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Monday, 10 June, 2002, 16:58 GMT 17:58 UK
Grants return for Welsh students
Cardiff streets
Ministers want to see more students from poor areas
If the government is to achieve its ambition of getting half the nation's young people into university, more students from poor backgrounds must be persuaded to apply.

On Wednesday the Welsh Assembly will launch its own answer to that problem - a new system of grants for students from low income families.

The grants will be worth up to 1,500 a year for students in further and higher education - although about 750 is more likely.

English students are still awaiting the results of a government review of student finance.

Welsh solution

When the prime minister announced the review last year, expectations were raised that the government was preparing to bring back some sort of maintenance grant.

Numerous options are said to have been considered. The results are now six months overdue.

About 80% of the students in the UK's universities come from professional or managerial families. Only 17% are from lower socio-economic groups.

While English education ministers have dithered, their counterparts in Wales have come up with what they hope is a solution.

Jane Davidson:
Jane Davidson: Not prepared to squander talent
From September at least 50,000 Welsh students from poor families will benefit from a new grant.

It has been pushed through by the Assembly's Education Minister, Jane Davidson.

"When we tested what caused students to think again, the biggest factor was fear of debt," she said.

"We know that what we're introducing with the Assembly Learning Grant is an incentive to encourage young people to take that next step into going on in education."

At Fitzalan High School in a deprived area of Cardiff, sixth formers hoping to go onto higher education this autumn will be the first to benefit.

Richard Conway:
Richard Conway: It all helps
Heena Patel and Richard Conway both want to do engineering.

Heena said a grant would allow her to concentrate more on her course and have a more positive attitude.

Richard said it would help "a helluva lot".

"Seven or eight hundred pound may not be a lot but it helps ... because that's seven or eight hundred pound you don't have to pay off your loan when you get back out of university."


That is something that second year undergraduate James Knight would appreciate.

He reckons he owes about 8,500 already and will be up to 20,000 in debt by the time he graduates.

"I hate it," he said.

"I resent the fact that I should have to get in debt to have an education.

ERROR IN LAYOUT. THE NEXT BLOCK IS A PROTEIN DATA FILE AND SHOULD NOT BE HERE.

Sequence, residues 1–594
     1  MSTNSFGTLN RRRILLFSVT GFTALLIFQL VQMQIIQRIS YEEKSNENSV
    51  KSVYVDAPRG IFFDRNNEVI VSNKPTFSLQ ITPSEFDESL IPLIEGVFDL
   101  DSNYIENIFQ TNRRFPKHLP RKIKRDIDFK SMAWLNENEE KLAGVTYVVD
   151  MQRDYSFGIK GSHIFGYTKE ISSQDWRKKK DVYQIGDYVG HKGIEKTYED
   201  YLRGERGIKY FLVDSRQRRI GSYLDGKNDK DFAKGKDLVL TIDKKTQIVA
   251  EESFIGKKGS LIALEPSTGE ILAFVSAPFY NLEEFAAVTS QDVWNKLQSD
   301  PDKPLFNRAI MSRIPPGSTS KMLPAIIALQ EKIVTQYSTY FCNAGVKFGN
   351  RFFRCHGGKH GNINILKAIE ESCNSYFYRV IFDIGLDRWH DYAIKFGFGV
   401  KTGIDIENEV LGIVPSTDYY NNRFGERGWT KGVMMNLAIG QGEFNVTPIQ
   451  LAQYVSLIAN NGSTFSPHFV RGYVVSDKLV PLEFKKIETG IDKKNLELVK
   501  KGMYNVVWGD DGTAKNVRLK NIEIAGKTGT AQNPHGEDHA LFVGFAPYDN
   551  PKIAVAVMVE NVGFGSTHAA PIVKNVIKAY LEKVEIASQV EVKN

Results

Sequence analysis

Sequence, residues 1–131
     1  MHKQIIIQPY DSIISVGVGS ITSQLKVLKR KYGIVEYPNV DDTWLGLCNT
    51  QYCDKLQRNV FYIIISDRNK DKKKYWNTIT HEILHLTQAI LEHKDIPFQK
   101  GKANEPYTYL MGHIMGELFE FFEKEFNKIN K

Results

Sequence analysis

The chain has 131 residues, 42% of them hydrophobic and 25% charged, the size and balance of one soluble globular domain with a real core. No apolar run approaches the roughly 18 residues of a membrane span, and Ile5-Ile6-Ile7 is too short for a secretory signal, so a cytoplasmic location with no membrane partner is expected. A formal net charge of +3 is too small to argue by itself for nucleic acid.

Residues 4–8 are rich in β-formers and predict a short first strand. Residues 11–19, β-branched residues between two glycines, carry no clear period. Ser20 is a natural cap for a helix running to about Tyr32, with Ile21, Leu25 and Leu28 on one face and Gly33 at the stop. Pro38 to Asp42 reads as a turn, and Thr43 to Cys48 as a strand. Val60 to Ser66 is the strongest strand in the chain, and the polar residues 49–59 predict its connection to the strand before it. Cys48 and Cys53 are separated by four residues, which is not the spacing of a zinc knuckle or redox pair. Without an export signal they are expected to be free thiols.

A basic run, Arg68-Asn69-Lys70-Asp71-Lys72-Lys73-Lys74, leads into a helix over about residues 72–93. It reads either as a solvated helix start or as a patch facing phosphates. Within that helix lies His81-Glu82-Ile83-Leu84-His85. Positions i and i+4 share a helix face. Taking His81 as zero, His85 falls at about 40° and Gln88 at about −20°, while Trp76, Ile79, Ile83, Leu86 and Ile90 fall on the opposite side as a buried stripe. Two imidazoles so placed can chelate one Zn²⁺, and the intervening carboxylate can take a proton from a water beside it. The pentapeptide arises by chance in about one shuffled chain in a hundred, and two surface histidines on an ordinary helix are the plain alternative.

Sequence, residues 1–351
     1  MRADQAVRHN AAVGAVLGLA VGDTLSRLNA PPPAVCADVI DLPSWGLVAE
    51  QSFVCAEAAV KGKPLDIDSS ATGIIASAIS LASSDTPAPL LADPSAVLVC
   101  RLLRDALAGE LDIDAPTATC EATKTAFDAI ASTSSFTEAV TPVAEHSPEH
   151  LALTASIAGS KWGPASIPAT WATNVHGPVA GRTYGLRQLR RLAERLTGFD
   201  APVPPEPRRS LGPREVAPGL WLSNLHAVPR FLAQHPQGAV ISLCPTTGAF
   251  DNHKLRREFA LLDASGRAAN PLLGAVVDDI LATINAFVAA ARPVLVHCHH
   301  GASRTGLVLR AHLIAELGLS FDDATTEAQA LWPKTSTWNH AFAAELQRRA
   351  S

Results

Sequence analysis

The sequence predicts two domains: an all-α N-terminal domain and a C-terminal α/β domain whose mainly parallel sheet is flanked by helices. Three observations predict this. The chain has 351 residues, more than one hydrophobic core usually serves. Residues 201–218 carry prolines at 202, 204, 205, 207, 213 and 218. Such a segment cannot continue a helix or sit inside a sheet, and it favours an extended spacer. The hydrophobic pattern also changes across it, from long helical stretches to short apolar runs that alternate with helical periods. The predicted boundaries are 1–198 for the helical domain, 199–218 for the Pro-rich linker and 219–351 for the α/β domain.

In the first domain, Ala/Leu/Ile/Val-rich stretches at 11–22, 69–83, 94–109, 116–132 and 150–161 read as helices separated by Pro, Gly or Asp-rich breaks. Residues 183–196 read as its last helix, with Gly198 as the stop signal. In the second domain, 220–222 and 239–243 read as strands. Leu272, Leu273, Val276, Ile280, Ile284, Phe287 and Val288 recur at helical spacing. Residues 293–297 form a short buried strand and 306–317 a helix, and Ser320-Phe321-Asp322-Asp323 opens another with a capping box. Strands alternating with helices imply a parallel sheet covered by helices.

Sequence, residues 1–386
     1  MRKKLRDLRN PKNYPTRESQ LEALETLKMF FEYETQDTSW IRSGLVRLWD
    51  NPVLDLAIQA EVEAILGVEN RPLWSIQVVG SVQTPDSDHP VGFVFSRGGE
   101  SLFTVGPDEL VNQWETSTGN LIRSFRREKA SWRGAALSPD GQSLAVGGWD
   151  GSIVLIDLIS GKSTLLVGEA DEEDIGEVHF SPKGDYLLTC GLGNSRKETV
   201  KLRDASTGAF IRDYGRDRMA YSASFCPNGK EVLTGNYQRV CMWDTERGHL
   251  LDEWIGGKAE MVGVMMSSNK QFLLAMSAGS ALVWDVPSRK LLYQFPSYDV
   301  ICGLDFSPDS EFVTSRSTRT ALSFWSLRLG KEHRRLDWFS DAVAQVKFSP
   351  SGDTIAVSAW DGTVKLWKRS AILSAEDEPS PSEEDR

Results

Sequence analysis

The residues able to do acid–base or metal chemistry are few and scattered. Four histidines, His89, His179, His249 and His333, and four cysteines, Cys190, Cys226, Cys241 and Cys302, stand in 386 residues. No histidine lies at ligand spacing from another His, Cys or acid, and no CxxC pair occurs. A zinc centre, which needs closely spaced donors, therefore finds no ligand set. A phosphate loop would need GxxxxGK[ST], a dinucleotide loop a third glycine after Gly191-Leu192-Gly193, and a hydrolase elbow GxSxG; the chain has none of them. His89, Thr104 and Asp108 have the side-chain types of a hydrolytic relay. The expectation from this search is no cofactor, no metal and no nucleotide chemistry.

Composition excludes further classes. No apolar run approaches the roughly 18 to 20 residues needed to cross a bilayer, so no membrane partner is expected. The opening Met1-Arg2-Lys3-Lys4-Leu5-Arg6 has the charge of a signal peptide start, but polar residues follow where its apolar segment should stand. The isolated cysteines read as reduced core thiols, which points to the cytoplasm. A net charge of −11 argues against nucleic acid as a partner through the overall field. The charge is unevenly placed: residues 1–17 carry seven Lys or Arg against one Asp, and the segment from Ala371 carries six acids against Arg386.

"They are always saying how there's a shortage of doctors and other professionals yet on the other hand they are saying that to be a doctor you have to get into debt.

"It's not exactly incentive learning."

Nursing ambition

Ian Jones is a builder by trade but now cares for his mother full time, so the family has to survive on benefits.

His daughter Haley wants to go to university to study nursing.

But they live in Kington in Herefordshire, three miles from the Welsh border - the wrong side when it comes to student support.

"It would help if the government made some sort of decision whether we do get extra financial help because otherwise I do think it's very unlikely I will be able to go to university as we haven't got the money to do so," said Haley.

"I don't want to end up working in a shop all my life - not that it's a bad thing but I would love to do nursing."

Hopes dashed

Her father said it was a shame when the country was crying out for nurses.

"I'd like to be in a position as I could say, well you can go, and that would be it - but I'm not.

"It is a great shame. She's very bright, her schooling's brilliant."

Haley's plight is a familiar one at her school, Lady Hawkins High in Kington. Wages in this part of Herefordshire are low.

When Labour came to power the head of sixth form, Jim Rogers, had high hopes for his more disadvantaged students.

"One of the changes that I hoped would have happened was that education would be opened up to more and more students from what we might call working class families," he said.

England expects

"Unfortunately this fear of debt is actually putting a lot of students off and that change is just not happening."

Often it affected some very bright students, he said.

It is expected that England's solution to the problem will be revealed finally next month, to coincide with the Chancellor's spending plans for the next three years.

Gordon Brown has already ruled out spending more on supporting students.

So if those from poorer backgrounds are to gain, the better off may have to pay more - either in fees, or in interest on loans.

The BBC's Sue Littlemore
"The principal of state support is back"
The BBC's Kim Catcheside
"Welsh ministers hope they have found a solution"
See also:

22 Apr 02 | UK Education
20 Feb 02 | UK Education
20 Feb 02 | UK Education
12 Feb 02 | Wales
31 Jan 02 | Health
24 May 02 | UK Education
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